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1 July 2014 Complex Early Seral Forests of the Sierra Nevada: What are They and How Can They Be Managed for Ecological Integrity?
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Abstract

Complex early seral forests (CESFs) occupy potentially forested sites after a stand-replacement disturbance and before re-establishment of a closed-forest canopy. Such young forests contain numbers and kinds of biological legacies missing from those produced by commercial forestry operations. In the Sierra Nevada of California, CESFs are most often produced by mixed-severity fires, which include landscape patches burned at high severity. These forests support diverse plant and wildlife communities rarely found elsewhere in the Sierra Nevada. Severe fires are, therefore, essential to the region's ecological integrity. Ecologically detrimental management of CESFs, or unburned forests that may become CESF's following fire, is degrading the region's globally outstanding qualities. Unlike old-growth forests. CESFs have received little attention in conservation and reserve management. Thus, we describe important ecological attributes of CESFs and distinguish them from early serai conditions created by logging. We recommend eight best management practices in CESFs for achieving ecological integrity on federal lands in the mixed-conifer region of the Sierra Nevada.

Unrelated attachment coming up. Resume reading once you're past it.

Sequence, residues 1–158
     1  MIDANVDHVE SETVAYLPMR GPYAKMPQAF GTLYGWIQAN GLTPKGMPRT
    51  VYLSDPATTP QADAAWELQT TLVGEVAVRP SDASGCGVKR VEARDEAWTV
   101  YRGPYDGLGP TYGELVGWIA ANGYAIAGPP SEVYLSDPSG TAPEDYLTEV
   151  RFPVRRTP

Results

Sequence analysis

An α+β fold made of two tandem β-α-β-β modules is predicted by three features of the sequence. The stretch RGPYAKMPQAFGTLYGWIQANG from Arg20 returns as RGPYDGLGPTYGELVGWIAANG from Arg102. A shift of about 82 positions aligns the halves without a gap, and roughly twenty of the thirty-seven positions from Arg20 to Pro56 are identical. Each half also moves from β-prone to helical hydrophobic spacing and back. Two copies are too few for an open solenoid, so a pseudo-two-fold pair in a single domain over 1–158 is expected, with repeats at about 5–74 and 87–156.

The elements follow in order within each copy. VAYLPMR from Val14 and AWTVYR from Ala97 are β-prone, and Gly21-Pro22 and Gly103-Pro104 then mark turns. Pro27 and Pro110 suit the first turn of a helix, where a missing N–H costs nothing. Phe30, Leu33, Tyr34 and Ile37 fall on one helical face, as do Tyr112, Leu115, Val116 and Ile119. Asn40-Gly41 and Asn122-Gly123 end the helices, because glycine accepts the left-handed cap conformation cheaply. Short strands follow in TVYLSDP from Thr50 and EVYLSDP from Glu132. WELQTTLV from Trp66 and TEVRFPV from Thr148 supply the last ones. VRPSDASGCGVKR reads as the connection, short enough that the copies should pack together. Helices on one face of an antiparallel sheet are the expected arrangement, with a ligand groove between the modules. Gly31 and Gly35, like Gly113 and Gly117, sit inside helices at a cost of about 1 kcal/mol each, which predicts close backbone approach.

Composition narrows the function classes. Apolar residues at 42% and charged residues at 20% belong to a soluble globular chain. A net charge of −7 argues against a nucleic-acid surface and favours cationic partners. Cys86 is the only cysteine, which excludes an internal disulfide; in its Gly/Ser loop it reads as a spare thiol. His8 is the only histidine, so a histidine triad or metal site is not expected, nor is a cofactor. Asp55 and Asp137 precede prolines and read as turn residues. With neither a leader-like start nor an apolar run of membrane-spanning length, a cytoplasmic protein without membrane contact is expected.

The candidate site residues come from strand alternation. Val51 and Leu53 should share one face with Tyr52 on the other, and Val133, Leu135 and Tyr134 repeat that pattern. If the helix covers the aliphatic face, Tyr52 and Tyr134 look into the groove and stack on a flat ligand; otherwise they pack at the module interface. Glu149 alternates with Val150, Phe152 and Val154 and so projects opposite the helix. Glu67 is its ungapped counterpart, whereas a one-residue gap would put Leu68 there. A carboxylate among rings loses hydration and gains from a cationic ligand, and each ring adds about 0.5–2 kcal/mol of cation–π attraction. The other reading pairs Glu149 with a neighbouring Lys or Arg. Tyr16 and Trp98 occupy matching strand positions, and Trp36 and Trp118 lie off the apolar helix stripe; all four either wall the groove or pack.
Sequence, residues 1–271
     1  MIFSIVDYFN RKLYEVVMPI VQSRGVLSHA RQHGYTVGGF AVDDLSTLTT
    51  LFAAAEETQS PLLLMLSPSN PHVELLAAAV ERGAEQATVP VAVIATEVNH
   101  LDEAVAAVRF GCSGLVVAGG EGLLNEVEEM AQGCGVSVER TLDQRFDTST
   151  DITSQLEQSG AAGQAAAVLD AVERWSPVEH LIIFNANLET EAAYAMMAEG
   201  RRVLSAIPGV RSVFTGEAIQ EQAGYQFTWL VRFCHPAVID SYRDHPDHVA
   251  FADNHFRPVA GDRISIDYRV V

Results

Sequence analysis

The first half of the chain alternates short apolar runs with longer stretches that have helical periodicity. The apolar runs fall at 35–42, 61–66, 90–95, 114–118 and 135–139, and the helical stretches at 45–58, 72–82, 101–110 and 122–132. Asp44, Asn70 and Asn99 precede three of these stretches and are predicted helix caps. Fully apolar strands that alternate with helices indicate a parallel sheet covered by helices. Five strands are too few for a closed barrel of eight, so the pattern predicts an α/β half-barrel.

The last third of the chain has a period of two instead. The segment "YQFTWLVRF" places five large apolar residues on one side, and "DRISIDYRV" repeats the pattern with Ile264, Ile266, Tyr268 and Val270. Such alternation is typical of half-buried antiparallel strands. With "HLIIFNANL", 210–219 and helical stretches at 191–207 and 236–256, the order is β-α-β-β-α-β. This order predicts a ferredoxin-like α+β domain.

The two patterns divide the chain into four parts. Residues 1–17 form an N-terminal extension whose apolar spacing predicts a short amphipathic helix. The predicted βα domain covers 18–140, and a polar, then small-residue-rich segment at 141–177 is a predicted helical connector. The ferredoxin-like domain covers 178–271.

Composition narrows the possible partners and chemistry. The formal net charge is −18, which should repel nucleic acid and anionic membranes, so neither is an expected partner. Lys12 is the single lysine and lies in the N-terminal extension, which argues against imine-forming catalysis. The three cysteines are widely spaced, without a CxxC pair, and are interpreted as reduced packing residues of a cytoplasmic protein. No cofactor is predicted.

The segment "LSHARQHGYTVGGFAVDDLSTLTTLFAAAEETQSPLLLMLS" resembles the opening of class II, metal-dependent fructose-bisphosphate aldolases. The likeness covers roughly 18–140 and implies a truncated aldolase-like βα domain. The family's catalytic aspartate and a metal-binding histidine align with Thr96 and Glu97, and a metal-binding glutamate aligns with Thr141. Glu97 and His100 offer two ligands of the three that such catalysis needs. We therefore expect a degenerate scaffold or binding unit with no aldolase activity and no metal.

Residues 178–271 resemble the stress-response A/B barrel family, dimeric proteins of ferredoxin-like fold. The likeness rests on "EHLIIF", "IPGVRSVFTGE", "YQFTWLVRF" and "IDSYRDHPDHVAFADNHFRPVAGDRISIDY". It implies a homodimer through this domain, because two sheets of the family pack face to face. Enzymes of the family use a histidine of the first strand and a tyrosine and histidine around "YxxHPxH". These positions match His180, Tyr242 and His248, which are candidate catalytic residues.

Dominick A. DellaSala, Monica L. Bond, Chad T. Hanson, Richard L. Hutto, and Dennis C. Odion "Complex Early Seral Forests of the Sierra Nevada: What are They and How Can They Be Managed for Ecological Integrity?," Natural Areas Journal 34(3), 310-324, (1 July 2014). https://doi.org/10.3375/043.034.0317
Published: 1 July 2014
JOURNAL ARTICLE
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